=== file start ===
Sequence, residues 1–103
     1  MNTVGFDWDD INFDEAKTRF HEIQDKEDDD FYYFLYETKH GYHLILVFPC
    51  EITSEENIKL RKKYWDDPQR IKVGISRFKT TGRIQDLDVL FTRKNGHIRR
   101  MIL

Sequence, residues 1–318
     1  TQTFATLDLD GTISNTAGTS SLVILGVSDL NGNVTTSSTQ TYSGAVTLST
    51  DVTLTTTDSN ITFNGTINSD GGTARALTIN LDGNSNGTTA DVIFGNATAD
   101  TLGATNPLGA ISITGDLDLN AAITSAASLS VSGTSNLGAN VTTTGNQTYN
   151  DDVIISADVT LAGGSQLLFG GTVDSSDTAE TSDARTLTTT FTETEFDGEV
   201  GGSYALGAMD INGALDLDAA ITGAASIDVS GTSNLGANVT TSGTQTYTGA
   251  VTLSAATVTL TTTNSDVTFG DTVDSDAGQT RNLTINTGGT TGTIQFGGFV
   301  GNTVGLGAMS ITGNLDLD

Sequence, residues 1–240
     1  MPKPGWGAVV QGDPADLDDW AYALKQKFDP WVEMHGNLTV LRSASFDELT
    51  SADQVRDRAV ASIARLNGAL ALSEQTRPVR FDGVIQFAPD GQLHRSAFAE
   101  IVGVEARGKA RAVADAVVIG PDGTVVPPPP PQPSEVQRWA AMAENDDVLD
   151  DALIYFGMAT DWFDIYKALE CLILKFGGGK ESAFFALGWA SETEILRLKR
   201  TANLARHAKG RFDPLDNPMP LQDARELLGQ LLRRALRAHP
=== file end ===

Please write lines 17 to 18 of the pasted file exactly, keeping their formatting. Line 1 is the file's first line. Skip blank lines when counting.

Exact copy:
   151  DALIYFGMAT DWFDIYKALE CLILKFGGGK ESAFFALGWA SETEILRLKR
   201  TANLARHAKG RFDPLDNPMP LQDARELLGQ LLRRALRAHP